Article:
Now about Princess Noccalula: Even though Noccalula Falls Park does not include the falls—or the statue of the princess—they do claim her legend and have one version of it printed on the back of their park map. This version was written and embellished over several years by Anne Mathilde Bilbro (1870 to 1958), a composer and musician as well as a writer who was inducted into the Alabama Women’s Hall of Fame in 1983.

One earlier version, written by a Virginia newspaperman, appeared in the Gadsden Times in 1869. Titled “Black Creek Falls,” this 68 line poem told how a young Cherokee woman named Winona leaped to her death rather than submit to a “painted band of fierce pursuers” who chased her up a perilous path near the falls, apparently with intent to ravish. Interestingly, the name Winona is an anglicized version of a Dakota Sioux word meaning “first-born daughter.” A very pretty name, but as far as I can determine, the Dakota Sioux never sent any of their first-born daughters to Alabama. Unlike Bilbro’s version, this one did not mention a forceful father or a forced marriage.

Bilbro’s version presents the Cherokee as gentle and learned people (except for Papa apparently) and the Creeks as their fierce and powerful enemy. The Cherokee chief’s young daughter Noccalula was “famed far and wide for her beauty and loveliness of character.” She was in love with a young brave in her own tribe, but Papa wanted to marry her off to a Creek chief who promised much wampum, horses, and blankets in exchange for her hand. Noccalula’s father drove her lover from the tribe, signed the marriage agreement with the Creek chief, and had a great feast prepared for the wedding day. However, Noccalula had the last word. Arrayed in festive wedding robes, she slipped away to the falls and ended her misery with a leap into the chasm below.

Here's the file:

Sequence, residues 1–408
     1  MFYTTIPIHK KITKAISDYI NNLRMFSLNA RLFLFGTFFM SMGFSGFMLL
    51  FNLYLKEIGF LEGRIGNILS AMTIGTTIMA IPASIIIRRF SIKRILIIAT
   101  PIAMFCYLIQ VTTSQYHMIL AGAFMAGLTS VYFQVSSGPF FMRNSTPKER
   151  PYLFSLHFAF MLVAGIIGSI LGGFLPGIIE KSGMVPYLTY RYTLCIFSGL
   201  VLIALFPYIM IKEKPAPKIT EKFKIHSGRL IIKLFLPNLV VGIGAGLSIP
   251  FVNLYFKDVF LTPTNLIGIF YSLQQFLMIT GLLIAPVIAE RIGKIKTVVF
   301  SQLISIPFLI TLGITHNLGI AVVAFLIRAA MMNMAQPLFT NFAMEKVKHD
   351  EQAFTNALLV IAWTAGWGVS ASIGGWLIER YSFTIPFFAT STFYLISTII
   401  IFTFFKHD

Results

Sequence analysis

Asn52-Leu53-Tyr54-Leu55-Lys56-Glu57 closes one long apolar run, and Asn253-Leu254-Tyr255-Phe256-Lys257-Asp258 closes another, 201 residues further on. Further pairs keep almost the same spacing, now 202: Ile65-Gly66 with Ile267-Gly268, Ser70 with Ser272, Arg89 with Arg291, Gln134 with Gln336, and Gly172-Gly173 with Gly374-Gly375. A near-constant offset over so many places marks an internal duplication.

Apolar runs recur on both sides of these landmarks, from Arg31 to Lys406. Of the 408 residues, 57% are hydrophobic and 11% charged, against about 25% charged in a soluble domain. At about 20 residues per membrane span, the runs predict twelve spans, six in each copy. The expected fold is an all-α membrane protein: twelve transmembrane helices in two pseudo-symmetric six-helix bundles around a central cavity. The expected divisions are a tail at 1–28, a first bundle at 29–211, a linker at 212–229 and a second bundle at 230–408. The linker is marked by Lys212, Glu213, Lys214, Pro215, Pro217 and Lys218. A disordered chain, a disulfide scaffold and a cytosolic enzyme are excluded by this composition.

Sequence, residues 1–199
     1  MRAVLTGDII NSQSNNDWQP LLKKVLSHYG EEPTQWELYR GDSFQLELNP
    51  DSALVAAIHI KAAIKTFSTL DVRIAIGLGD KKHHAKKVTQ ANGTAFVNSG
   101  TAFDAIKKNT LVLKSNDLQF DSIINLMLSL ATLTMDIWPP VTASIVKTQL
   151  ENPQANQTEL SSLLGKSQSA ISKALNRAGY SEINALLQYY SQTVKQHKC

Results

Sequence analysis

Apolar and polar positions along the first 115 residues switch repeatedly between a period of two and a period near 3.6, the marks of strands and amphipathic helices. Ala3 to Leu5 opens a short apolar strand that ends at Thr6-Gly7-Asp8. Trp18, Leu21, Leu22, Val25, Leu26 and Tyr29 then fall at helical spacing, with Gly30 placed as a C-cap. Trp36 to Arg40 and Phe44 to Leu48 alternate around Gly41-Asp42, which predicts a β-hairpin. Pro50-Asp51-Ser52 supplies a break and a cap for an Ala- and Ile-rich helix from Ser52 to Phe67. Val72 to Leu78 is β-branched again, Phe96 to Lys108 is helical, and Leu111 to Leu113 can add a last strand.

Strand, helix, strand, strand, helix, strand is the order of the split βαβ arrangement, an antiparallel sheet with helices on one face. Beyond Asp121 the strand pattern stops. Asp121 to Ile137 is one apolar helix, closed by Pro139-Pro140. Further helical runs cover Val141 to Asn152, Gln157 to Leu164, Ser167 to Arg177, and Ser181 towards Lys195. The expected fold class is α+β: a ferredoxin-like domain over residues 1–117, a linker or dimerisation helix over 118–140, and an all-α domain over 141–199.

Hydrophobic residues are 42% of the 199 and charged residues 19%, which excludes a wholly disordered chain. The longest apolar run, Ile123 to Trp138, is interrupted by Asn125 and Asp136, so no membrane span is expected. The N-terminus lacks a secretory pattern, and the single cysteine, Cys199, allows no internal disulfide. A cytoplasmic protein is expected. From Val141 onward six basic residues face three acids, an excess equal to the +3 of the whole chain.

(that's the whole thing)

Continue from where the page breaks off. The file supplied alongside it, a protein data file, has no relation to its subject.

Princess Noccalula, portrayed in “stereotypical ‘Indian’ garb” rather than wedding robes, about to leap

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